Next Wednesday, I’ll have outpatient meniscus surgery. Supposedly, not too big a deal. You walk out of surgery, then need to keep knee elevated and iced for 2-3 days. I’ll hunker down with some books and writing.
At the library, I picked up Rememberings, Sinead O’Connor’s memoir, which was on my wish list. Five chapters in, I’m loving it. Another testimony to human resilience.
From her forward: “You’ll see in this book a girl who does find herself, not by success in the music industry but by taking the opportunity to sensibly and truly lose her marbles. The thing being that after losing them, one finds them and plays the game better.”
In speaking of her Aunt Frances, ten years older with Down syndrome, “She is like a big walking heart; she loves everything and everyone.” I love the analogy of someone being a big walking heart!
This morning I googled Sinead and learned that her seventeen year old son, Shane O’Connor committed suicide in early January. News I missed and so sad, damn it.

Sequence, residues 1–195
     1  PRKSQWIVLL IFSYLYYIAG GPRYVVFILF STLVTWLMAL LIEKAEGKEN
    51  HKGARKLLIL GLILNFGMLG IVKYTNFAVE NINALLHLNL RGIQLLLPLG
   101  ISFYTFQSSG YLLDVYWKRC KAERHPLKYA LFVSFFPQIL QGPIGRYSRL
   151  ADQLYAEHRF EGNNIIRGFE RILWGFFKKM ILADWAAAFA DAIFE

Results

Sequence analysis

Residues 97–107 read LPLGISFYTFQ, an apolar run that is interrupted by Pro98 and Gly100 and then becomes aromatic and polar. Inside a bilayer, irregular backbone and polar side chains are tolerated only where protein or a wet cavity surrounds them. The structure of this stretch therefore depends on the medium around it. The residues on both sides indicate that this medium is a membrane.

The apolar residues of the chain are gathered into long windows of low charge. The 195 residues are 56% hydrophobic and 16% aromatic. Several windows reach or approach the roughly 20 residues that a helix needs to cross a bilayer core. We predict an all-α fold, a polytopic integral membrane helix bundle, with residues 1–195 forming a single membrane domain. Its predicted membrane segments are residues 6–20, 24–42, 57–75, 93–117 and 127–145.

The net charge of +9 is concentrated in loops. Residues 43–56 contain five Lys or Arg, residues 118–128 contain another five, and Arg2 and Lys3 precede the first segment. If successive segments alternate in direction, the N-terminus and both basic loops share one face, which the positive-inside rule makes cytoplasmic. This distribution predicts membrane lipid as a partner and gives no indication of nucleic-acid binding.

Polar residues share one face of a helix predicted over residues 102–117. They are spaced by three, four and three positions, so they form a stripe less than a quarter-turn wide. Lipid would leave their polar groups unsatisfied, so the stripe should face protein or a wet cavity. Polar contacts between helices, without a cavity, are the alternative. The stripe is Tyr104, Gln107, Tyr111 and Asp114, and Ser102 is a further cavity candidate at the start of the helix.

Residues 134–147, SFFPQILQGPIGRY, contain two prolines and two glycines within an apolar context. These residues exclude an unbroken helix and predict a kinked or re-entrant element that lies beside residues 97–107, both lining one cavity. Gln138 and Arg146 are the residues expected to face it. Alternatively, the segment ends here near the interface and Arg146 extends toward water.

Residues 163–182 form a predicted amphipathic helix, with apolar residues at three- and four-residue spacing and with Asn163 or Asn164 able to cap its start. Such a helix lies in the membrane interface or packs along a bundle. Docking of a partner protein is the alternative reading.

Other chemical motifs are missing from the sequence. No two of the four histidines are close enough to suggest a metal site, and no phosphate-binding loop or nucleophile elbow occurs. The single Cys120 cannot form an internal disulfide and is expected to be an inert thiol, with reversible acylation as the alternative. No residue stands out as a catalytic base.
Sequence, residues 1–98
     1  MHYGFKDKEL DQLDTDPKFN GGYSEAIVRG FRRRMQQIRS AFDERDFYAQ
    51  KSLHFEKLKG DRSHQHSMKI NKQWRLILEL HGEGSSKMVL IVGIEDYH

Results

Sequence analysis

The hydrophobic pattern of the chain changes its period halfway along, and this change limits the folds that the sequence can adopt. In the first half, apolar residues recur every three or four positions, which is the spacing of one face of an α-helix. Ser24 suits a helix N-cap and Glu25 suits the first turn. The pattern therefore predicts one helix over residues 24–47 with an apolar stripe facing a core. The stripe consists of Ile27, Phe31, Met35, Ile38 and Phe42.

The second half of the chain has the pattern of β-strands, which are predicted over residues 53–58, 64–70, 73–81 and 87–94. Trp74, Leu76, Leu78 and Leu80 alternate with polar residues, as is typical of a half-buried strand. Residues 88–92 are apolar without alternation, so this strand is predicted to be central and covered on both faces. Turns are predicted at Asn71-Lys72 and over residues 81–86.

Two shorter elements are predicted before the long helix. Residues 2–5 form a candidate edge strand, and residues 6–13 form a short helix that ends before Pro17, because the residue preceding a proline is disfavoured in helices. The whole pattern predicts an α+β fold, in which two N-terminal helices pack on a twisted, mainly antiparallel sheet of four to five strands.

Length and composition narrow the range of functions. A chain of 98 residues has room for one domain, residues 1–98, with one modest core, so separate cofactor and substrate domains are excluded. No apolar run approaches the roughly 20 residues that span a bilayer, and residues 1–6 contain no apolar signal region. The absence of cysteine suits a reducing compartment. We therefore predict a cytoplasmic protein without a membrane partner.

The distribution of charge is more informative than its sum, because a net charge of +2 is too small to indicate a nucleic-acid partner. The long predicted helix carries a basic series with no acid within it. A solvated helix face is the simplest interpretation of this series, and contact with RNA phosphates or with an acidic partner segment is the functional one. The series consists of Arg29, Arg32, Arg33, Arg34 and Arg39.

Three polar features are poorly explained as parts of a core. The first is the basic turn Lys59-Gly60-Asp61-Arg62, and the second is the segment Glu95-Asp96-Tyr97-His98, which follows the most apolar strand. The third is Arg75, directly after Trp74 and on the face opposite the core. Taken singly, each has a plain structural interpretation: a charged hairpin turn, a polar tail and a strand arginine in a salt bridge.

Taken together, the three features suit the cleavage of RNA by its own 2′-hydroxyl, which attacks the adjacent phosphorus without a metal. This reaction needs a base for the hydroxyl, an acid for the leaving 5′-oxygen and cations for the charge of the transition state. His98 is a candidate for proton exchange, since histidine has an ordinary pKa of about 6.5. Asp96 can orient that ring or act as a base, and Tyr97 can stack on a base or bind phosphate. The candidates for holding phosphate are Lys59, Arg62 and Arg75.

I think I’ll stop there.
Until next time. Thanks for reading. Go gently and seriously be kind.

Nothing Compares 2U

Books to Mark The Past and New Year

I’m not one for New Year’s resolutions nor do I enjoy a big celebration. Tonight, you will find me settled in with the two sweet chocolate labs I am pet sitting; the wood stove roaring, reading one of the two books I have going, actually three if you count the one I’m listening to on audible. Listening to books is my best company on trips and driving to pet sitting jobs that are miles away from town. Yesterday, I spent the afternoon cooking (the kitchen is a great cooking kitchen, where I am pet sitting) with my audible book going, a soul enriching experience.
I’ll mark the end of the year with a list of books I have read and a list of books on my “to read” list for the new year.

For Christmas I bought myself at the local bookstore, Fact and Fiction, Heart Radical: A Search for Language, Love and Belonging by Anne Liu Kellor. I took a writing class from Anne, enjoyed her, enjoyed the class and her memoir is taking me on a journey that I am eager to continue on.